China’s central bank is ‘quite worried’ about some digital currencies

A customer makes a payment using China’s digital currency (e-CNY) at the Wangfujing department store in Beijing, China, on February 11, 2021.

VCG | Visual China Group | Getty Images

BEIJING – China’s central bank is “quite concerned” about risks to the global financial system from privately developed digital currencies, especially global stablecoins.

These digital currencies are tied to a fixed value, such as a government-supported currency such as the US dollar. A popular example is Tether, which has raised concerns with the US government and ranks third behind the popular cryptocurrencies Bitcoin and Ethereum in terms of market capitalization.

“The so-called stablecoins of some commercial organizations, especially global stablecoins, can pose risks and challenges to the international monetary system, payment and settlement system, etc.,” Fan Yifei, an assistant governor of the People’s Bank of China, told reporters Thursday in Mandarin , according to a CNBC translation.

“We’re still pretty concerned about this issue so we’ve taken some action,” said Fan.

He found that his work at the central bank included digital currencies. The PBoC is developing a digital version of the Chinese yuan that has been tested in several parts of the country over the past year.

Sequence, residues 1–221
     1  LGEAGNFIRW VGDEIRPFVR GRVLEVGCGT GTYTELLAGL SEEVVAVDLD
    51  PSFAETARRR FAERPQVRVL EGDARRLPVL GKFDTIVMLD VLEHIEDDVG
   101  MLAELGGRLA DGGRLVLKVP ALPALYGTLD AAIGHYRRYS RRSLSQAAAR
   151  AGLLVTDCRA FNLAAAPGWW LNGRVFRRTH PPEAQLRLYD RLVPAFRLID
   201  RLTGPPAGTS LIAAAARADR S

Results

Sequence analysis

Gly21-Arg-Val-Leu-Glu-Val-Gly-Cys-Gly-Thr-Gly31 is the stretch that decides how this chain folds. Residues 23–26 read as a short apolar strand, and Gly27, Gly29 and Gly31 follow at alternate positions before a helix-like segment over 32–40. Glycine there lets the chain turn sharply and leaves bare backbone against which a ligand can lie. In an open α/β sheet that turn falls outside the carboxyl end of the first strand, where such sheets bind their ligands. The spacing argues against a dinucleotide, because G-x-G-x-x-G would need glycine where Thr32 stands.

So far, the invitation-only yuan digital system has more than 10 million users, Fan said.

In contrast to Bitcoin’s decentralized system, the PBoC’s digital yuan is controlled by the central bank.

The control of payments does not end with Ant

However, the immediate challenge to the PBoC’s control of currency transactions has been the rise in bank account-linked mobile payments in China. In recent years, apps from Alibaba subsidiary Ant Group and WeChat from Tencent have become the dominant means of payment in the country, replacing cash.

Regulators abruptly suspended Ant’s massive IPO last fall, and the central bank forced the company, which posed as a financial technology player, to reorganize as a financial holding company.

The PBoC will apply the measures it has taken against Ant to other companies in the payment services market, Fan said Thursday in response to a separate question, speaking broadly of efforts to counter monopoly practices.

The development of payment systems is “very alarming” and the central bank is working against monopolies and “disorderly capital expansion,” said Fan.

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